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Sleep electroencephalography as a biomarker in depression

Authors Steiger A, Pawlowski M, Kimura M

Received 21 November 2014

Accepted for publication 30 December 2014

Published 29 April 2015 Volume 2015:5 Pages 15—25


Checked for plagiarism Yes

Review by Single anonymous peer review

Peer reviewer comments 2

Editor who approved publication: Dr Marc Hébert

Video presented by Axel Steiger and Marcel Pawlowski.

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Axel Steiger, Marcel Pawlowski, Mayumi Kimura

Max Planck Institute of Psychiatry, Munich, Germany

Abstract: The sleep electroencephalogram (EEG) provides biomarkers of depression, which may help with diagnosis, prediction of therapy response, and prognosis in the treatment of depression. In patients with depression, characteristic sleep EEG changes include impaired sleep continuity, disinhibition of rapid-eye-movement (REM) sleep, and impaired non-REM sleep. Most antidepressants suppress REM sleep in depressed patients, healthy volunteers, and in animal models. REM suppression appears to be an important, but not an absolute requirement, for antidepressive effects of a substance. Enhanced REM density, a measure for frequency of REM, characterizes high-risk probands for affective disorders. REM-sleep changes were also found in animal models of depression. Sleep-EEG variables were shown to predict the response to treatment with antidepressants. Furthermore, certain clusters of sleep EEG variables predicted the course of the disorder for several years. Some of the predicted sleep EEG markers appear to be related to hypothalamic–pituitary–adrenal system activity.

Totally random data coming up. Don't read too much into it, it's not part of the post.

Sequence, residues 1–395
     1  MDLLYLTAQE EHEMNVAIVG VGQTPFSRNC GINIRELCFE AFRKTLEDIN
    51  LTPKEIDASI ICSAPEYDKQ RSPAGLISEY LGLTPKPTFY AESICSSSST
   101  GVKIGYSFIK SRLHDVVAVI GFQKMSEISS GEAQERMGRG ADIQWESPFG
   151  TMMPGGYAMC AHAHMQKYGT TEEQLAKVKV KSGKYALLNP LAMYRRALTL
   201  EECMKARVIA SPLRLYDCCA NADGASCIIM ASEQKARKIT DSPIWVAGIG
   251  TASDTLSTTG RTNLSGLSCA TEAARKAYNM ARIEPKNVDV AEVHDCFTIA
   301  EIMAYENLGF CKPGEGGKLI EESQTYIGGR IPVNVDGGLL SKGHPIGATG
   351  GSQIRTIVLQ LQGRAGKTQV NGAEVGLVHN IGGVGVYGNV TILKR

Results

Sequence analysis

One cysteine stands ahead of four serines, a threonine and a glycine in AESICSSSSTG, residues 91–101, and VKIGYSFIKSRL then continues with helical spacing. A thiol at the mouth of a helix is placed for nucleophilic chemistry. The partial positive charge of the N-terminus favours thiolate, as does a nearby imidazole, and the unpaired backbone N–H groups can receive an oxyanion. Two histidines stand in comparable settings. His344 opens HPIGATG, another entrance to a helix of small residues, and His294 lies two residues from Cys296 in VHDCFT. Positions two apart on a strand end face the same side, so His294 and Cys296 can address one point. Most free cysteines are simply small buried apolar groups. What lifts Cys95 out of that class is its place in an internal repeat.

Keywords: biomarkers, depression, sleep EEG, antidepressants, prediction, animal models

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